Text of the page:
When Jameel started kindergarten, his teacher saw that he was confused, sometimes angry and needed help separating from his mum. He spoke very little, needed teacher support to connect with peers and understood only a little English. He’d arrived with his parents from the Middle East, and had spent 12 months in COVID isolation with no contact with children other than his younger brother. Urdu is the family’s first language.
His parents wanted Jameel to be able to communicate in English and make friends. They were also keen to have him referred to Royal Far West for help with speech and language.
A partnership between The Early Childhood Service (Goodstart Pialba Kindergarten) and RFW meant that Jameel could access weekly telehealth speech therapy services onsite.
The RFW speech therapist set goals for the term and each week, followed up with resources to be used both at home and in kindergarten. They wanted Jameel to focus on developing receptive and expressive language skills in English and to monitor his switching between Urdu and English.
The Early Childhood Team (ECT) also requested a social story to help Jameel learn appropriate behaviours at home and at kindy.
The RFW and ECT teams distinguished between language difference and language delay by monitoring how Jameel responded to unusual directions, by building his social competencies and by using visuals to which he responded positively.
The program developed for Jameel included small group teaching sessions with three of his peers, (Jameel selecting two, the teacher selecting another capable and confident communicator), to build his social skills and a sense of agency.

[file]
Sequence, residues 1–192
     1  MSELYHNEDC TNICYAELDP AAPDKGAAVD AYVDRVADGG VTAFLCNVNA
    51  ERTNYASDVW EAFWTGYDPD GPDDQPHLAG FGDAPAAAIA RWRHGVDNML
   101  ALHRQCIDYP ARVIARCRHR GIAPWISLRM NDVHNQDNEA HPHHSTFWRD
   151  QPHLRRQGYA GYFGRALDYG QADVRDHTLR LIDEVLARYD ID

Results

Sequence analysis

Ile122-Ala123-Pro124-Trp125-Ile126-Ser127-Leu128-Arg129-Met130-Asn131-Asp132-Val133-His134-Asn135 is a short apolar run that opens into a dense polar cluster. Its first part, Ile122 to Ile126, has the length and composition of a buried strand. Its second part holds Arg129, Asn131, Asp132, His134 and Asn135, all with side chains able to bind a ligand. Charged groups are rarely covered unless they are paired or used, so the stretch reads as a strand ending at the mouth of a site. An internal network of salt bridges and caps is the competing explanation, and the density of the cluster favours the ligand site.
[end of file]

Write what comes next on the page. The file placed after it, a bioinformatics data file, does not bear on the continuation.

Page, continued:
Jameel’s group used visual resources to start building simple sentences based on an image on a board, taking turns to tell a short sentence story to each other. Jameel began teaching the other children how to play the game; in the process building his language and social skills.
Now, after three terms, Jameel has made significant progress because of the intervention provided by the RFW speech therapist. He responds appropriately to questions, can follow directions, is naming familiar objects in English and enlarging his vocabulary. He uses complex sentences spontaneously as he joins in conversations and waits his turn to talk and listen.
Jameel’s interpersonal skills have developed; he enjoys helping adults, has made friends and joins in peer play. He can talk about basic feelings and is much more comfortable with new experiences and meeting new people.
Importantly, he is showing awareness of others’ feelings and is learning to assert himself in acceptable ways rather than shouting or throwing.
His mum is pleased with his progress, “Jameel can tell me about a picture while we are reading, (“the goat is eating grass”). He’s also started telling me about his day. For example, he tells me ‘Jack did something funny’, and Oliver and Luca are his best friends.”
Notably Jameel’s self-esteem has grown. His verbal communication skills appear to be giving him the confidence to lead in small group games. He enjoys role play and is proud of being able to lead a small group game.
Jameel will begin prep school in 2023 and the summary reports provided by the speech therapist will help his teachers and any follow up specialist support.
*To ensure privacy and confidentiality for our client family, real names or images are not used.